The Washington Post

Lincoln was more than a war president

One hundred and fifty years ago today, President Abraham Lincoln signed into law a Congressional act establishing a Department of Agriculture. Lincoln had told Congress an agricultural bureau would suffice but enthusiastic lawmakers wanted a department instead.

Five days later, Lincoln would sign the Homestead Act that provided 160 acres of public land to any American who was the head of a family and was over 21 years old.

On July 2 of that year, the president signed the Morrill Act, which established a system of land grant colleges to “teach such branches of learning as are related to agriculture and the mechanical arts.” It committed the federal government to grant each state, except those in rebellion, a total of 30,000 acres of federal land to be used to establish the schools.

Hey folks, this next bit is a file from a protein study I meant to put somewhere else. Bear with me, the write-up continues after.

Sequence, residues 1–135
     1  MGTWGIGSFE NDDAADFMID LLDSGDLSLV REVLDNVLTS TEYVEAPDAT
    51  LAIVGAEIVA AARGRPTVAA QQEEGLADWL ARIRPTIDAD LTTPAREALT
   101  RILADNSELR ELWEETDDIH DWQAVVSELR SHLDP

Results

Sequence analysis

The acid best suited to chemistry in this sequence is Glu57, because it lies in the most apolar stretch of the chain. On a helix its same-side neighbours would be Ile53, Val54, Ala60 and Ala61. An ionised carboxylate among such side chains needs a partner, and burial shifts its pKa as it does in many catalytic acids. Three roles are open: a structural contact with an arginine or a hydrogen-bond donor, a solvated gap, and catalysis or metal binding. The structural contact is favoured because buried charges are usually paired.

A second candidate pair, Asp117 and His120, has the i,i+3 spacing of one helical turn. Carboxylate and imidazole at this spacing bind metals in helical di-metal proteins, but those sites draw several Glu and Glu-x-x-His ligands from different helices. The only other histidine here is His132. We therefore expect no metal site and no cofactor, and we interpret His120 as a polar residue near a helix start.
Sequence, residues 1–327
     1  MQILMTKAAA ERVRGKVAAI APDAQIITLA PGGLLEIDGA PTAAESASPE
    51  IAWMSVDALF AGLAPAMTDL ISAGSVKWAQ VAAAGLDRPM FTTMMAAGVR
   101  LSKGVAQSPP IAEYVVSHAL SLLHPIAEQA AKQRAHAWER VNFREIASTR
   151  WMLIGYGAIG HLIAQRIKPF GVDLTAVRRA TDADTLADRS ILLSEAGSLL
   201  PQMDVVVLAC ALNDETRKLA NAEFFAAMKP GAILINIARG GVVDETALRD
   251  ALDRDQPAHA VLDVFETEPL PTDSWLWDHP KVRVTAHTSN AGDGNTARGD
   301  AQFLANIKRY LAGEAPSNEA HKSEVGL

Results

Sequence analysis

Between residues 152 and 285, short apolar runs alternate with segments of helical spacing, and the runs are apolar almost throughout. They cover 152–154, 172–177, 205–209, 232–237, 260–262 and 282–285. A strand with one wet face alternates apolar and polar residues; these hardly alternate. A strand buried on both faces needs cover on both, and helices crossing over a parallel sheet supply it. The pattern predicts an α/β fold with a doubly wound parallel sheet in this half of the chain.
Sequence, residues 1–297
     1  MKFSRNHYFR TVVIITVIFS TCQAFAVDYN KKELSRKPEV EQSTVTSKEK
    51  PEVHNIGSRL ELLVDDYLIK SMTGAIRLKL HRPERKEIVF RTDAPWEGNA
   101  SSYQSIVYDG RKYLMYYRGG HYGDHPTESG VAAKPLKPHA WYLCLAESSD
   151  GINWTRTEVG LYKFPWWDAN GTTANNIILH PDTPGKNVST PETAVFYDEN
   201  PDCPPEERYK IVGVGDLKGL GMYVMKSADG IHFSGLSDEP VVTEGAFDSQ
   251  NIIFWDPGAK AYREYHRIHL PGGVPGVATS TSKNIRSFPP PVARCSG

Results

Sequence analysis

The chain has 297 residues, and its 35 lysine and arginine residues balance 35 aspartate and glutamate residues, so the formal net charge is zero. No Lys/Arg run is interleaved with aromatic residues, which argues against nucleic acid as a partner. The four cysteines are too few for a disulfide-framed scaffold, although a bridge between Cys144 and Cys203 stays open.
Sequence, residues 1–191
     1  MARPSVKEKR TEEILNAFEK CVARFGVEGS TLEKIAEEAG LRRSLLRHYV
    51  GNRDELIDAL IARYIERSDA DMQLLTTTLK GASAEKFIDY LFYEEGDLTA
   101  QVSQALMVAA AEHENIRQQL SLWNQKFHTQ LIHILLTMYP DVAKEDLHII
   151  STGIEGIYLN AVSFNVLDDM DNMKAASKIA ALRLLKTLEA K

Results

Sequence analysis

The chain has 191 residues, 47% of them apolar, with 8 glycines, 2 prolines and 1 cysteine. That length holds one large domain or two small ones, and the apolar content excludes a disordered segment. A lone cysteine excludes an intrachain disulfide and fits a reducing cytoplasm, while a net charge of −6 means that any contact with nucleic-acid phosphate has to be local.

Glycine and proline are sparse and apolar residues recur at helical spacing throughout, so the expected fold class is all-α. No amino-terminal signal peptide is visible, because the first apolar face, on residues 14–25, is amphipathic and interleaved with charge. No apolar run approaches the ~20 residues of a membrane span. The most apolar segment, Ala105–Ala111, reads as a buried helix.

Lincoln managed to give these acts his attention while the Civil War entered its second year. Between May 15 and July 2, General Thomas “Stonewall” Jackson concluded his very successful Shenandoah Valley Campaign, Union forces took Memphis and the Seven Days Battle, with no clear winner, ended with 16,000 casualties on the Union side and 20,000 for the Confederates.

However, the Agriculture Department took root and Lincoln was able to report to Congress on Dec. 1, 1862, that it had already managed to create an extensive system of correspondence that would help establish “correct knowledge of recent improvements in agriculture, in the introduction of new products and in the collection of the agricultural statistics of the different States.” And the new department would be ready soon to distribute seeds, plants and cuttings.


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